Making the Economy Work for The Many and Not the Few

Grand Potentate

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I doubt many of you have been following this collaboration with Robert Reich and MoveOn.org, but its been an interesting series of videos. I look forward to your discussion about them.

#1: RAISE THE MINIMUM WAGE TO $15

 
I got no time for videos, so I'll go by titles.

#1: RAISE THE MINIMUM WAGE TO $15
Nope, eliminate the minimum wage altogether. Market forces will work it out. Unless the government interferes.

#2. MAKE WORK FAMILY FRIENDLY
Oh fuck you and your war on the family. This is subsidizing working women at the expense of men. How about allowing women to fulfill their destiny of raising their own children instead of paying strangers $2/hr less than they make to do it in an inferior manner?

#3. Expand Social Security
And continue to emcourage personal reliance on government, and remove incentive for saving. NO!

#4. Bust Up Wall Street
No argument here.

#5. Reinvent Education
He might be onto something, but keep it local and private.

#6. End Corporate Welfare
Sure.

#7. STRENGTHEN UNIONS
1. Public employee unions need to die immediately.
2. Unions can strengthen themselves, unless they are lazy idiots lacking solidarity. Is he suggesting that we all be forced to pay union dues to an organization that just funnels money off to political campaigns?

#8 RAISE THE ESTATE TAX ON THE VERY RICH
Pfft, raise it on everybody. Elderly, pass your money on before you die. Stagnant hoarded funds do not help anyone but the elderly rich, who don't need help. The earth belongs to the living.

#9. MAKE POLLUTERS PAY US
What an anti-business free money scam! How about you lock up real polluters, and leave the irrelevent ones alone? This is a scam, pure and simple. Die.

#10: End Mass Incarceration, Now
Yes.
 
Wait, the still talks of bargaining power. If you're all in, you have zero bargaining power. You're captive, you have no alternative. You need to be able to walk away to bargain.
 
Wait, the still talks of bargaining power. If you're all in, you have zero bargaining power. You're captive, you have no alternative. You need to be able to walk away to bargain.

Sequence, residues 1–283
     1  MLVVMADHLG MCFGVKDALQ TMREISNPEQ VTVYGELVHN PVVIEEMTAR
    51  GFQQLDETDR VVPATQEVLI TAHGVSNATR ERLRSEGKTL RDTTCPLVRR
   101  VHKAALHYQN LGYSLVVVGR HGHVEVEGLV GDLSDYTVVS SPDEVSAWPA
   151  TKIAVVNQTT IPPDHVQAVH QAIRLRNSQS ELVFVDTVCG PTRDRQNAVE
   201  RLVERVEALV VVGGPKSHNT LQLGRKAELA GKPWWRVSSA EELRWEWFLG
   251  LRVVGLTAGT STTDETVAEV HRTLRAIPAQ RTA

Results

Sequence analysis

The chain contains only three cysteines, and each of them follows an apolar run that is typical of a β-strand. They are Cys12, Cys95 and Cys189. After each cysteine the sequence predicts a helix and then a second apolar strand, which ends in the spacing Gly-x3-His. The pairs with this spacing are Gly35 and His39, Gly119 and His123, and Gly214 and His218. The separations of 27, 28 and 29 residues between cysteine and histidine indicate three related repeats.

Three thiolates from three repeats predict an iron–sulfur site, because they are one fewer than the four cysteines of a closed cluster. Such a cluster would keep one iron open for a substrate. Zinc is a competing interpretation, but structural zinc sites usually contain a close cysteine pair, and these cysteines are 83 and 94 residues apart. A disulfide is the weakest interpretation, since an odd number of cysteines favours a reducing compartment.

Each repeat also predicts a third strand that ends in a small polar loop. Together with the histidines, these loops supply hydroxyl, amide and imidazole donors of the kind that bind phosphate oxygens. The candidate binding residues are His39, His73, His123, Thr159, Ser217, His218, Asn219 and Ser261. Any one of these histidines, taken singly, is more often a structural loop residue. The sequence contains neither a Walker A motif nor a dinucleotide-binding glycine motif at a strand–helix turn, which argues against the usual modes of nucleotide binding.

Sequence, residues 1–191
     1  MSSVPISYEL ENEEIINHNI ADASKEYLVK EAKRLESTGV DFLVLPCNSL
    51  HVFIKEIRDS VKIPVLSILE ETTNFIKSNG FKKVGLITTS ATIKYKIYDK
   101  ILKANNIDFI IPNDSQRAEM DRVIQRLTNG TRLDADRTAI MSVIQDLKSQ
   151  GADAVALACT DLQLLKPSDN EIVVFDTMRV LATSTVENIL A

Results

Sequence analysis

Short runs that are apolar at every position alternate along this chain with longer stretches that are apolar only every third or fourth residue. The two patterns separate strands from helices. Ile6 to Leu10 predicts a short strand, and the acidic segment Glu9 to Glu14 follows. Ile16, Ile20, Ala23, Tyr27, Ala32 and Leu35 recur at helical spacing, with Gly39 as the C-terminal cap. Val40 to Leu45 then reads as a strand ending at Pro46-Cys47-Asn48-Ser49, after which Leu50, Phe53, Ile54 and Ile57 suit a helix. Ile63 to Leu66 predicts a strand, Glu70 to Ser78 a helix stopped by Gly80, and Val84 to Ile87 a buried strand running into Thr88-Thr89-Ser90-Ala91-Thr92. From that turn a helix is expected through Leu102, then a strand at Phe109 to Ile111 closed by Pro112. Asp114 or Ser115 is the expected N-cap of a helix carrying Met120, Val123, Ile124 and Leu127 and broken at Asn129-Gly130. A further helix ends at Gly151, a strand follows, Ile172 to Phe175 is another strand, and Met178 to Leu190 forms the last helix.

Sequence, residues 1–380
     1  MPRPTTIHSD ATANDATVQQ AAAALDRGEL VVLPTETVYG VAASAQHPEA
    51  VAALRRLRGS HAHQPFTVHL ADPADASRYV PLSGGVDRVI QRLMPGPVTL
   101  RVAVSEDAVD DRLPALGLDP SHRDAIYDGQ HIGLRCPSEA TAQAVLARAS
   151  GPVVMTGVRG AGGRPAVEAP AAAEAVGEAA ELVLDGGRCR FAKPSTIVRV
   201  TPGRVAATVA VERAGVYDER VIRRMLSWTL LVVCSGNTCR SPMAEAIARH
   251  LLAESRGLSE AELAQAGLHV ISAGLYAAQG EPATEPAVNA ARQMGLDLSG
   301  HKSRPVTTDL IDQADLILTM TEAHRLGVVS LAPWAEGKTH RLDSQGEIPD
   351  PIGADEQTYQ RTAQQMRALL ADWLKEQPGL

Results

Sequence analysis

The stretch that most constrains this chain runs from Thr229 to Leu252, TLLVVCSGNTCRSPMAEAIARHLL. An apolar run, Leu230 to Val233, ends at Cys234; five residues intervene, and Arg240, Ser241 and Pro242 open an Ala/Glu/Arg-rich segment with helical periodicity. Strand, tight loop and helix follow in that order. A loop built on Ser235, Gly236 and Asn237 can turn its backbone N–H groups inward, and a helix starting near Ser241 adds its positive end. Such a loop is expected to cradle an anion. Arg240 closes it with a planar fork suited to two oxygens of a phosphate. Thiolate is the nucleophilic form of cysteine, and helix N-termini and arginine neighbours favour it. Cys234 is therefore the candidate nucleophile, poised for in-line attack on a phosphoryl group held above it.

Are you high right now? You're seriously attempting to question the fundamental bargaining power of the United States government?
 
#4. Bust Up Wall Street



He massively oversimplifies stuff. I can make a vid on how to get world peace in 2:30 as well, but I'll leave out some of the major problems.

His financial transactions tax idea is incredibly stupid. They've tried it before in Sweden, and it doesn't work. Pension funds, mutual funds, trackers and even insurance funds have to rebalance their portfolios on a quarterly, monthly or sometimes even weekly basis. These are all things that benefit the average person.

Adding even a small tax will make a major difference in returns. So, seeing as companies will not just take the hit, they'll charge you for it, which means your pension/savings/investment will be much less, and your insurance premiums will go up.

I'm in favour of splitting commercial and investment banking, and partly for breaking up too big to fail banks as well.

The major problem is that shareholders demand yearly profit growth no matter what, and because the people working for the bank do not own the bank, they don't mind taking excessive risks in order to satisfy shareholders. If you end up making a big profit you gain massively, but if you make a big loss all you'll lose is your job, and you can find another one at a slightly worse ranked bank.

Back in the 1980s all major investment banks were partnerships. This means that the bank is owned by bankers themselves. If the bankers make a profit, the partners will profit, but if the bankers make a loss, the partners will have to take that loss as well. It has been proven that loss aversion is much higher than the satisfaction of making a profit, which means that the partners will watch the risk that's put on like a hawk. They don't want to lose their own money. Hence, excessive risk taking is avoided and banking becomes a healthier business.

The only people that really know how to improve investment banking are investment bankers themselves. Not the CEOs, because they have too much to lose, but everyone below them. However, when you vilify and demonise all bankers in the media, no one will listen to them. Which means you get polticians that know very little about the intricacies of finance deciding on financial law.

The U.S. has handled this slightly better than Europe, where it's been a massive shitshow. All kinds of recent regulations have backfired and caused unintended side effects, making the whole economy worse off.
 
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Are you high right now? You're seriously attempting to question the fundamental bargaining power of the United States government?